• Specify cost standards.

Advance Action

When the project appears prima facie to be viable and desirable, advance action on the following activities may be initiated:

  • acquisition of land,
  • securing essential clearances,
  • identifying technical collaborators/ consultants,
  • arranging for infrastructure facilities,
  • preliminary design and engineering, and
  • calling of tenders.

To initiate advance action with respect to the above activities, some investment is required. Clearly, if the project is not finally approved, this investment would represent an infructuous outlay. However, the substantial savings (in time and cost) that are expected to occur, should the project be approved (a very likely event, given the prima facie desirability of the project) often amply justify the incurrence of such costs.

Timely Availability of Funds

Once a project is approved, adequate funds must be made available to meet its requirements as per the plan of implementation it would be highly desirable if funds are provided even before the final approval to initiate advance action. Piecemeal, adhoc, and niggardly allocation, with undue rigidities, can impair the manoeuvrability of the project team. It is a common observation that firms which have a comfortable liquidity position are, in general, able to implement projects expeditiously and economically.

Such firms can initiate advance actions vigorously, negotiate with suppliers and contractors aggressively, organise input supplies quickly, take advantages of opportunities to affect economies, support suppliers in resolving their problems so that they can in turn redound to the successful completion of projects, and sustain the morale of project related personnel at a high level.

Judicious Equipment Tendering and Procurement

To minimise time over runs, it may appear that a turnkey contract has obvious advantages. Since these contracts are likely to be bagged by foreign suppliers, when global tenders are floated, a very important question arises. How much should we rely on foreign suppliers and how much should we depend on indigenous suppliers? Over dependence on foreign suppliers, even though seemingly advantageous from the point of view of time and cost, may mean considerable outflow of foreign exchange and inadequate incentive for the development of indigenous technology and capability.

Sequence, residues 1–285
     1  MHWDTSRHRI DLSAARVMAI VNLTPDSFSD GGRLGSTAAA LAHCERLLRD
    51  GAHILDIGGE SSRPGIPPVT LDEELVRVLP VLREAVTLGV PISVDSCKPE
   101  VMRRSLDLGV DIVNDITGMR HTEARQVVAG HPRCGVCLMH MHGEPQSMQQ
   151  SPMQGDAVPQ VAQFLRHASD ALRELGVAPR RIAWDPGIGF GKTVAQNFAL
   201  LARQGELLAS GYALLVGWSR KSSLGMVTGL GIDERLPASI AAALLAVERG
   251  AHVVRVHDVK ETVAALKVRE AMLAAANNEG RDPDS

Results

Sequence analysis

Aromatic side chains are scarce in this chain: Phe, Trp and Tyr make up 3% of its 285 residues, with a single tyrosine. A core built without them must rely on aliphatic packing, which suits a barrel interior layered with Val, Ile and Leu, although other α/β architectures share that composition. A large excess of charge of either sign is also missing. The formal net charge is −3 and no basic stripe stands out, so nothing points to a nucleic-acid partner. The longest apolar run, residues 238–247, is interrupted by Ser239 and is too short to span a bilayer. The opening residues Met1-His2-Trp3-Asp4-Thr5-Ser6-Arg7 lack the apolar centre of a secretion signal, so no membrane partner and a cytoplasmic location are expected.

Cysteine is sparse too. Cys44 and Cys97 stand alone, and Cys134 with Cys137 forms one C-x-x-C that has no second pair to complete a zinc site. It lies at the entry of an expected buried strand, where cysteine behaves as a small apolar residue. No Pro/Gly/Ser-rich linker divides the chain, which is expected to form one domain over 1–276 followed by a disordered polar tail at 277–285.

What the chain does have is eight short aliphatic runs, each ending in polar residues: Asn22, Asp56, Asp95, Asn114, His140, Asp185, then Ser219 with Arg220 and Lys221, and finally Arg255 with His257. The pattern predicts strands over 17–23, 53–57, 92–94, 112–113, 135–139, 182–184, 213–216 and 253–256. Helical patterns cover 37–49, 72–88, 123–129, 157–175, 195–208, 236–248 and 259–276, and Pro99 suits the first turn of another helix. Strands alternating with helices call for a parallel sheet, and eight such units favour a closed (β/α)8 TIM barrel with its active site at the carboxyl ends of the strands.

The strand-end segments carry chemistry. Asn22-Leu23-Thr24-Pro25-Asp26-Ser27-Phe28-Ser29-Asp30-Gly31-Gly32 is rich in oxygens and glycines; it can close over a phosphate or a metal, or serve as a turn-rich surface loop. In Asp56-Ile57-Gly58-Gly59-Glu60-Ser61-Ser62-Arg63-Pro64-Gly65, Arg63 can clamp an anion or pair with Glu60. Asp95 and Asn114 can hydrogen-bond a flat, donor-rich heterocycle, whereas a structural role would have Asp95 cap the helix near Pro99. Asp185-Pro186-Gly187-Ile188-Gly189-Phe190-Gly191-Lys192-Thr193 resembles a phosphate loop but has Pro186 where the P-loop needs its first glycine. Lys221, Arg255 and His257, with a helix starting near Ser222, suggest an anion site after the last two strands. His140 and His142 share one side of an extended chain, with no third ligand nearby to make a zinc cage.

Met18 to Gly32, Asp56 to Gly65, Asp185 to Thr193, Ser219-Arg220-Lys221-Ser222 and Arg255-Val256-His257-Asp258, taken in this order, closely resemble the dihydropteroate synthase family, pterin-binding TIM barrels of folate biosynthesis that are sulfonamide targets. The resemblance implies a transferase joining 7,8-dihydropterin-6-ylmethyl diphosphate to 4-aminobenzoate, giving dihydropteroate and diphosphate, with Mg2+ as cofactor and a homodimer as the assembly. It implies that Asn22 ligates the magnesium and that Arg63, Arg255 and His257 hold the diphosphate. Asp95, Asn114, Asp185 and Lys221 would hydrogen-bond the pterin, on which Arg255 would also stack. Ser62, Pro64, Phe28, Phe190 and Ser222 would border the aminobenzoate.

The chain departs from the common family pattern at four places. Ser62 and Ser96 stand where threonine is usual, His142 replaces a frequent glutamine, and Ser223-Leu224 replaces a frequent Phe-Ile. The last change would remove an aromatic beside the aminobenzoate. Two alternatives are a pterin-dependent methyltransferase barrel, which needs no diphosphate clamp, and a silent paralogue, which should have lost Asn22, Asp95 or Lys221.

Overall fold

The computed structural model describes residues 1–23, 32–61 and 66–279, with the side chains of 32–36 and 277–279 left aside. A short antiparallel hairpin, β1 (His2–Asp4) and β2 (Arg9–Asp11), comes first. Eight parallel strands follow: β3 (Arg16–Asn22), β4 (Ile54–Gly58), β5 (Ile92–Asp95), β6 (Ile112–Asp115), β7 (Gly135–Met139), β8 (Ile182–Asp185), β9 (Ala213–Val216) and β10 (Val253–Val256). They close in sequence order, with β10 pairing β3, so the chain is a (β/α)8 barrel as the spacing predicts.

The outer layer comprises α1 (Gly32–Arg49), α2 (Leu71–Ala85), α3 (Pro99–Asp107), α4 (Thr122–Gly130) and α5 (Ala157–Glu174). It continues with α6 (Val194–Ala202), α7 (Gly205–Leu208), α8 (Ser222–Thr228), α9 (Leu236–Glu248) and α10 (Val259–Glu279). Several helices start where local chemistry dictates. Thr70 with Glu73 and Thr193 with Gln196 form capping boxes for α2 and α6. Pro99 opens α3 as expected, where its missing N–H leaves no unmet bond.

Over reliance on indigenous suppliers may mean delays and higher uncertainty about the technical performance of the project. A judicious balance must be sought which moderates the outflow of foreign exchange and provides reasonable fillip to the development of indigenous technology. In any case, the number of contract packages should be kept to a minimum in order to ensure effective coordination.

Better Contract Management

Since a substantial portion of a project is typically executed through contracts, the proper management of contracts is critical to the successful implementation of the project. In this context, the following should be done:

  • The competence and capability of all the contractors must be ensured one weak link can jeopardise the timely performance of the contract.

  • Proper discipline must be inculcated among contractors and suppliers by insisting that they should develop realistic and detailed resource and time plans which are congruent with the project plan.

Penalties which may be graduated must be imposed for failure to meet contractual obligations. Likewise, incentives may be offered for good performance. Help should be extended to contractors and suppliers when they have genuine problems they should be regarded as partners in a common pursuit. Project authorities must retain latitude to off load contracts (partially or wholly) to other parties well in time where delays are anticipated.